Having mastered kung fu from his cave-dwelling teacher, Meng Fei (Kenny Ho) is sent into the wide world to “defend the poor and uphold justice.” So naturally when Meng spies the beautiful Li Sai Nan (Kara Hui Ying-Hung) being harassed by red pyjama-clad warriors working for the evil Thunder Gang, he intervenes. Only his heroism earns him a slap in the face! Turns out Sai Nan is super skilled at kung fu but wants to be kidnapped so she can infiltrate the gang’s headquarters. Years ago Chief Leng Tian Lei (Lung Tien-Hsiang) killed her parents and stole their precious “Ju Xian Force” kung fu manual. Now Sai Nan wants revenge. Together, Meng Fei and Sai Nan discover Leng is kidnapping girls because he lost his own daughter that fateful night and has since learned Master Ling Han Feng (Chen Kuan-Tai) of the heroic Dragon Sect raised the infant as his own. That girl is Mu Wan Er (Rosamund Kwan in an early role long before she became one of the biggest Hong Kong film stars of the Nineties), a lovely, sweet natured swordswoman whom Meng Fei met earlier and was instantly smitten. When her true identity is exposed all hell breaks loose.
Chinese wu xia (“swordplay”) novels were noted for taking satirical jibes at some of the more hypocritical notions prevalent in their native culture. These questioning attitudes were equally present in some of the better movies they spawned. Long Road to Gallantry rightfully skewers the antiquated idea that the sins of the father are borne by his offspring. As soon as Mu Wan Er’s true parentage comes to light she is expelled from the Dragon Sect. Even Mu’s adopted father refuses to defend her and presumably her lifetime of good deeds count for nothing! The film gains added layers of complexity in its third act where filial duty (very important in Chinese culture) clashes with moral conscience. Chief Leng tries to persuade Mu Wan Er to turn on her friends. Meanwhile, Sai Nan’s vengeful uncle (Jason Pai Pao) urges her to kill Mu, even though the two women have grown to respect one another. Caught in the middle is Meng Fei, charmingly played by Kenny Ho as a happy-go-lucky hero whose naivety is both his weakness and greatest asset. Both women are in love with the lucky guy. His desire to do right by each leads to an attempt at a peaceful resolution, only the elders will not let their feud die. A fatal showdown seems tragically inevitable although things do take a turn for the surreal when one crazed villain is attacked by living statues.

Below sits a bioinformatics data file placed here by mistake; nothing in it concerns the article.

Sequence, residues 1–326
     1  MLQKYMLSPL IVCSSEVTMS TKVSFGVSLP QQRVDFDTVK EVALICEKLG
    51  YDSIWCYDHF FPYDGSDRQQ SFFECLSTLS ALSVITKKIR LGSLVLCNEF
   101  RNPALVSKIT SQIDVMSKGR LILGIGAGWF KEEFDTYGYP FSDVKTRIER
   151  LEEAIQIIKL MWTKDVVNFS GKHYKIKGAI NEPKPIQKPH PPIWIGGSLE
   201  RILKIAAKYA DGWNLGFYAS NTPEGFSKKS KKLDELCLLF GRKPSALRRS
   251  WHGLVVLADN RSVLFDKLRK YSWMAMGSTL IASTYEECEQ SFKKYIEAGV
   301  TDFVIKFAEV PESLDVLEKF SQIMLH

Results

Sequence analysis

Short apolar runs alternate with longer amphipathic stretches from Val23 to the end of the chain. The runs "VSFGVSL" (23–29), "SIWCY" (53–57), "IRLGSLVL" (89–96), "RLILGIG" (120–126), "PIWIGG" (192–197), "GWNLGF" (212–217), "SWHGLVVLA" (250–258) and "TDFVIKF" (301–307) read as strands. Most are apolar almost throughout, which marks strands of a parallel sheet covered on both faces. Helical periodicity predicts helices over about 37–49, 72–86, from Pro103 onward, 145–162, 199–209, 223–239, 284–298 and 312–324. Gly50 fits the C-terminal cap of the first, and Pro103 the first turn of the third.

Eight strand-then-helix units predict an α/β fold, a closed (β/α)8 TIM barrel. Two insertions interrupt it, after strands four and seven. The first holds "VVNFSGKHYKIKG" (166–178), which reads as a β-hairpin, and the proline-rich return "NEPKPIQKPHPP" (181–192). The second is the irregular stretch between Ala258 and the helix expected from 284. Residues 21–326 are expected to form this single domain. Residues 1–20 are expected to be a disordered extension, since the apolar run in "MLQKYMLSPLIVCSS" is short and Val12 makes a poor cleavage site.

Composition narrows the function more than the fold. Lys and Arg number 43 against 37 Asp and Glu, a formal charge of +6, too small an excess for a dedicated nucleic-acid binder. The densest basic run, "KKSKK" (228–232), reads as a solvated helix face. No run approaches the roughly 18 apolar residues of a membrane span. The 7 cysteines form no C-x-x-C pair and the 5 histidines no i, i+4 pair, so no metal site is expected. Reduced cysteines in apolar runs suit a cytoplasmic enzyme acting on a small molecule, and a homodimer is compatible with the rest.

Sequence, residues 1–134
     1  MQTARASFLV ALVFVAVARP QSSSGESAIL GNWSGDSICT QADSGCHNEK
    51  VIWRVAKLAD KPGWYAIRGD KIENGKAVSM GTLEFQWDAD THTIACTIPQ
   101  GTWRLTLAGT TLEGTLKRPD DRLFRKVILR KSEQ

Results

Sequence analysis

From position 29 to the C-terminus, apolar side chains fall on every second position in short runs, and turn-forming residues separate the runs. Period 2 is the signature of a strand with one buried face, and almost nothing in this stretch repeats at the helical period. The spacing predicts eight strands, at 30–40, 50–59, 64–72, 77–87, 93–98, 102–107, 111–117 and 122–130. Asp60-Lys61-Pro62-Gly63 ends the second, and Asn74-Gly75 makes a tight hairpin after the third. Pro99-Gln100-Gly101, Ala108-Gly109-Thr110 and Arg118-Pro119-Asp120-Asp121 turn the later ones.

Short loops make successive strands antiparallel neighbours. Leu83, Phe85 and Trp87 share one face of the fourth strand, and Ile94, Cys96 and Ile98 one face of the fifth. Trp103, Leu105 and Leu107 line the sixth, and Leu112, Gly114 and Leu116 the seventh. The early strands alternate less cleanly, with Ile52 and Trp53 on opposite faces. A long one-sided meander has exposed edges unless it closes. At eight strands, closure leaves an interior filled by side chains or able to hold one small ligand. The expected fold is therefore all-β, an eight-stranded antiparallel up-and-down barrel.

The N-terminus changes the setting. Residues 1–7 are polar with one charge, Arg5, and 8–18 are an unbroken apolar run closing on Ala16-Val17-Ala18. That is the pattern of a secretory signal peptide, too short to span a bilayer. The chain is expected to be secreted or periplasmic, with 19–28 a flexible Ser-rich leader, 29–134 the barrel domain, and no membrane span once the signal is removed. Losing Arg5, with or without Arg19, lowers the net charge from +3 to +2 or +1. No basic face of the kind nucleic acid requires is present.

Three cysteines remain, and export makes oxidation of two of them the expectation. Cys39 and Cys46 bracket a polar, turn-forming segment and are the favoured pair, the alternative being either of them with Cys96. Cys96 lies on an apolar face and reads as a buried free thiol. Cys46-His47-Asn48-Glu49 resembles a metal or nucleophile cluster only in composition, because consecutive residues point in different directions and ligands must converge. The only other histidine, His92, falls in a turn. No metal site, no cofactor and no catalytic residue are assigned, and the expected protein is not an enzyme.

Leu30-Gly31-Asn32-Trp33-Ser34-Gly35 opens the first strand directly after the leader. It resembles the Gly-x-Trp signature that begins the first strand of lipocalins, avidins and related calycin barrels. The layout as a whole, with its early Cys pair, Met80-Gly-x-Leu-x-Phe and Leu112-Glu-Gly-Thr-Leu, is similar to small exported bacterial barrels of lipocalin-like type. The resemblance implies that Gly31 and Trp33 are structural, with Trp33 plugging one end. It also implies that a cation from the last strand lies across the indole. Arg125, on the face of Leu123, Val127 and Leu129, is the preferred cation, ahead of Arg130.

Long Road to Gallantry was one of only two films written and directed by action choreographer Lung Yi-Sheng. On the strength of this and his completely bonkers children’s film Demon of the Lute (1983), he should have made more. Born in Vietnam, Lung was a martial arts aficionado since childhood and came to specialize in the “Praying Mantis Fist.” Upon moving to Hong Kong he joined the film industry as a stuntman and actor but was quickly promoted to choreographer. Lung worked on some amazing films, including The Sword (1980), Ambitious Kung Fu Girl (1981), Buddha’s Palm (1982), each of which runs on the same demented energy as his directorial efforts.
A great cast spearheaded by Shaw Brothers’ kung fu queen Kara Hui Ying Hung, whose acting talent matches her martial arts prowess, latch onto their roles with great gusto. Lung Yi-Sheng laces the breakneck action with wit and ingenuity while the scrappy relationship between Meng and Sai Nan is well drawn. They squabble like a couple of kids (at one point Sai Nan chucks a lizard down Meng’s pants while he is flirting with Mu Wan Er) which makes the abrupt shift into outright tragedy a gut-wrenching surprise.